Newspaper article The Canadian Press

Ontario Women Sue Ottawa over Compliance with New U.S. Banking Law

Newspaper article The Canadian Press

Ontario Women Sue Ottawa over Compliance with New U.S. Banking Law

Article excerpt

Ottawa sued over compliance with U.S. law

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TORONTO - Canada has violated the charter rights of nearly a million Canadians by agreeing to share their financial details with authorities in the United States, two Ontario women allege in a new lawsuit.

Gwen Deegan of Toronto and Ginny Hillis of Windsor, Ont., have launched a claim against the Attorney General of Canada.

In it, they accuse Ottawa of breaching the Constitution by complying with a sweeping new American tax fraud law, known as the Foreign Account Tax Compliance Act.

Under the terms of the legislation that took effect last month, banks must share all personal and joint account details of anyone deemed to be a "U.S. person." This includes American citizens and people born in the U.S., even those with no existing ties to the country.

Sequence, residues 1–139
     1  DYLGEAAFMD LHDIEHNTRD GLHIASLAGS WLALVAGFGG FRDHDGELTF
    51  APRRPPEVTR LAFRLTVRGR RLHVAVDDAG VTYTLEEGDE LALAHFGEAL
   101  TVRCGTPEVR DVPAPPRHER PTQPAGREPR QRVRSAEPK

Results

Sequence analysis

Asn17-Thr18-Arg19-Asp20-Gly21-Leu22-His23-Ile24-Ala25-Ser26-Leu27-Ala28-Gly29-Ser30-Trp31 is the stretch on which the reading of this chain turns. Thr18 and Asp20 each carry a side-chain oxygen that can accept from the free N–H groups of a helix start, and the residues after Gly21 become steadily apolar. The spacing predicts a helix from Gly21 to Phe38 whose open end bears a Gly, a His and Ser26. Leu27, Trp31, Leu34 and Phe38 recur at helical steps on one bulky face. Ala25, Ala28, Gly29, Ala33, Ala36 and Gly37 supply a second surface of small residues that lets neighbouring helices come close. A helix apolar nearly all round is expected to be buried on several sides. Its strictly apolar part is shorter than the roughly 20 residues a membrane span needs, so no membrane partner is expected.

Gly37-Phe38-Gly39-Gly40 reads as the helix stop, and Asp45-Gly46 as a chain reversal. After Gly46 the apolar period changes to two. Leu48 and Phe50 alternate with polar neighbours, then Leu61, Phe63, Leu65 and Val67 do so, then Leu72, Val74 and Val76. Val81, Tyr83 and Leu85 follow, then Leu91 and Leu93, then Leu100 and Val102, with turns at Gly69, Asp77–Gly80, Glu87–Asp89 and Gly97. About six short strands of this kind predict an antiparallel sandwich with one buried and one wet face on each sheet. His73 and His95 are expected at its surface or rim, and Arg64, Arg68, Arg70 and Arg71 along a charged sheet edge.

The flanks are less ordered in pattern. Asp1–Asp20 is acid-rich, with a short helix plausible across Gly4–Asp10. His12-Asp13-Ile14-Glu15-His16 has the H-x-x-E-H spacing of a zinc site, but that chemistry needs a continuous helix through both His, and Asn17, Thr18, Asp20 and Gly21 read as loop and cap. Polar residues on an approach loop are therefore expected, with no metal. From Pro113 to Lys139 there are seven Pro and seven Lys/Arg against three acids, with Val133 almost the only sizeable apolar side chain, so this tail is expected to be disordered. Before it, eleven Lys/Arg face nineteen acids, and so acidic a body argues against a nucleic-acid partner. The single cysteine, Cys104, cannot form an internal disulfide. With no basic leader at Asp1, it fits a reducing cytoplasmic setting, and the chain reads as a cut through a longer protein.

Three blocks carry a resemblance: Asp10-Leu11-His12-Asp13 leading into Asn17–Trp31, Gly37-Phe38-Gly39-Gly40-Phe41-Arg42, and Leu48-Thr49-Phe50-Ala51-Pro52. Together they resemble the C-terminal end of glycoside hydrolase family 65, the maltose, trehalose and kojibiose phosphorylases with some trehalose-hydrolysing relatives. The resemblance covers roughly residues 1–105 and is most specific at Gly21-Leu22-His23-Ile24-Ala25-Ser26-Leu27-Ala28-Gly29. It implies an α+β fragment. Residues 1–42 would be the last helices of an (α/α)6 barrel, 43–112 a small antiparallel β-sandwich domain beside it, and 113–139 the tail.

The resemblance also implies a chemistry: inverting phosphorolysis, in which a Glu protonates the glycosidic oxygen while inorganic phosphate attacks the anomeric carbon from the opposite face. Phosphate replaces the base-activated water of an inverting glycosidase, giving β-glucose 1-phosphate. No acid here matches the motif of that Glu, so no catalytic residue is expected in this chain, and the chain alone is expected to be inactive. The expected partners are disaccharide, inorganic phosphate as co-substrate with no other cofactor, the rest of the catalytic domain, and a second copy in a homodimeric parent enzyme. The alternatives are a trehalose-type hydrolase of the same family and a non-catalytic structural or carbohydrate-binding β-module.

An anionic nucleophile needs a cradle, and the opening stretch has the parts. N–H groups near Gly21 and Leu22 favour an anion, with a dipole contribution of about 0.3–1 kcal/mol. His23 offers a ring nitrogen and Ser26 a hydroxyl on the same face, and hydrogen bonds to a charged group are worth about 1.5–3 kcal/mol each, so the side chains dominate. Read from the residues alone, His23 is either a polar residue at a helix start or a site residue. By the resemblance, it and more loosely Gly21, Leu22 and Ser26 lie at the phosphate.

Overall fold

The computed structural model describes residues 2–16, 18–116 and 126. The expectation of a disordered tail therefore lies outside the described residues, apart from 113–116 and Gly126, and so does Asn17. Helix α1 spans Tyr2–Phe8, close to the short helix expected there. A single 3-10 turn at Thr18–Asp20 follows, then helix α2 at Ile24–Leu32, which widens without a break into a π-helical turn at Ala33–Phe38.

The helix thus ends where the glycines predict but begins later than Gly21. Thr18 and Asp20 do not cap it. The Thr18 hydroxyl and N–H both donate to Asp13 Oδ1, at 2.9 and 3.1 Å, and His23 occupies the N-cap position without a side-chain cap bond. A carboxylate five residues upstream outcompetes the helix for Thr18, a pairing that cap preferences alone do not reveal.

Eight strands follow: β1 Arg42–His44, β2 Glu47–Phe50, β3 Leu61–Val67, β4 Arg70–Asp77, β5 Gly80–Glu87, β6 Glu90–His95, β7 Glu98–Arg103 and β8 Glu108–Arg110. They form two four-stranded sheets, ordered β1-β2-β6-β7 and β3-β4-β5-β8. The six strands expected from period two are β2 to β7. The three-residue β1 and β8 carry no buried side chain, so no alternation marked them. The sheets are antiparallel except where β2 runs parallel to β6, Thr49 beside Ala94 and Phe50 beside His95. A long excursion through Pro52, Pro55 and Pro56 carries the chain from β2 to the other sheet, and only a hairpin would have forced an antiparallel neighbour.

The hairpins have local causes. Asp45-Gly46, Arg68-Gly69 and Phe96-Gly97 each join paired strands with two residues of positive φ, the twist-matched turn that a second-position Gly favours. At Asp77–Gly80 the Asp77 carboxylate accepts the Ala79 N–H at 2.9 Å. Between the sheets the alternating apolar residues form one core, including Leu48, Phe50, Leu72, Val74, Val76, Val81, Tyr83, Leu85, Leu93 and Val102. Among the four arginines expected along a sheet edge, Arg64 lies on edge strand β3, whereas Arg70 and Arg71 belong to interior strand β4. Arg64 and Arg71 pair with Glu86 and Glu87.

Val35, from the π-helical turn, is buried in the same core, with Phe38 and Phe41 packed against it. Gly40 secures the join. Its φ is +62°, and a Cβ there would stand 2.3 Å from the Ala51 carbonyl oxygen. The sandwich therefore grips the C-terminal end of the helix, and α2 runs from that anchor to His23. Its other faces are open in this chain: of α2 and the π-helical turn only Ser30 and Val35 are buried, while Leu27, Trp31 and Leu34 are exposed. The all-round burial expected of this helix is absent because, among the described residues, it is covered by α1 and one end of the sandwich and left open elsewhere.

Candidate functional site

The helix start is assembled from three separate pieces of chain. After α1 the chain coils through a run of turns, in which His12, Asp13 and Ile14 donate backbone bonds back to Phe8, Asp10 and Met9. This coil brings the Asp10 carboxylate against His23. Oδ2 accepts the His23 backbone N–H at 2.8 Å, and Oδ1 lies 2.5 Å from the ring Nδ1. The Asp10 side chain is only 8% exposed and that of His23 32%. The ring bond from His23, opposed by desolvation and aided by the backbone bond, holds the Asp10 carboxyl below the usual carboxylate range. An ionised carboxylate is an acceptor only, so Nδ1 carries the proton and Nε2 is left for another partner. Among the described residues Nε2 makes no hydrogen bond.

The U.S. claims that more than 77,000 financial institutions around the world have agreed to co-operate with the law.

In Canada, financial institutions must share relevant account holder details, including personal details and financial balances, with the Canada Revenue Agency. The CRA will in turn pass that information along to the U.S. Internal Revenue Service.

Hillis and Deegan, both of whom were born in the U.S. but have lived in Canada since the age of five, claim Canada is exposing them and others in similar circumstances to unfair tax penalties and privacy violations by complying with the U.S. government's demands.

"I don't believe that my rights as a Canadian citizen should be abrogated by my government," Hillis said in an interview from Windsor. "I don't believe my government should be breaching our sovereignty rights as a nation ... We are a sovereign nation, we are not the 51st state of the United States."

Hillis, a retired lawyer who holds Canadian citizenship, said those who resist the new regulations could be branded as official tax cheats by the U.S. government.

Failure to comply with the laws, she said, could result in stiff financial penalties or even jail time.

A large number of Canadians are impacted by the law, she said, since FATCA's definition of a "U.S. person" is extremely broad and applies even to those who do not hold an American passport and have never worked in the country. …

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